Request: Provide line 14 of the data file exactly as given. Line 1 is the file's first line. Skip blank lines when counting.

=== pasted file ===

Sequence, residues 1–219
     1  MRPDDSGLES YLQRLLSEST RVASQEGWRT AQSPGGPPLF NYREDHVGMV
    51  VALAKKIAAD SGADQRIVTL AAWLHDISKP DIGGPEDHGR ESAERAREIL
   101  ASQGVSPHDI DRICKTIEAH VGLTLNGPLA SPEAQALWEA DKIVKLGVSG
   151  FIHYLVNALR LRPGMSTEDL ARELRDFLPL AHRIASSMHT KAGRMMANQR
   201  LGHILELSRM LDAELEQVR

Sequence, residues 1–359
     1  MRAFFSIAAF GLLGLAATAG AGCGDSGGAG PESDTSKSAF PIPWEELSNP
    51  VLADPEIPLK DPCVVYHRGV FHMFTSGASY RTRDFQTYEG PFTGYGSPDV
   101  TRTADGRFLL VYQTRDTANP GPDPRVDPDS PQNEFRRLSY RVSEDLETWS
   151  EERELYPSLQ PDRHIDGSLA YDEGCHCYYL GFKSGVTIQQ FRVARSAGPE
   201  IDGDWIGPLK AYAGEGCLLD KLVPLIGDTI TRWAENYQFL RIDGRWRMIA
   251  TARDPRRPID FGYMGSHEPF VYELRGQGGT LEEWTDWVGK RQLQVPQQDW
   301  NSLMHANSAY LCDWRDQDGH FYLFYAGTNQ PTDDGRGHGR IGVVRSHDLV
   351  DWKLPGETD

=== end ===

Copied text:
   301  NSLMHANSAY LCDWRDQDGH FYLFYAGTNQ PTDDGRGHGR IGVVRSHDLV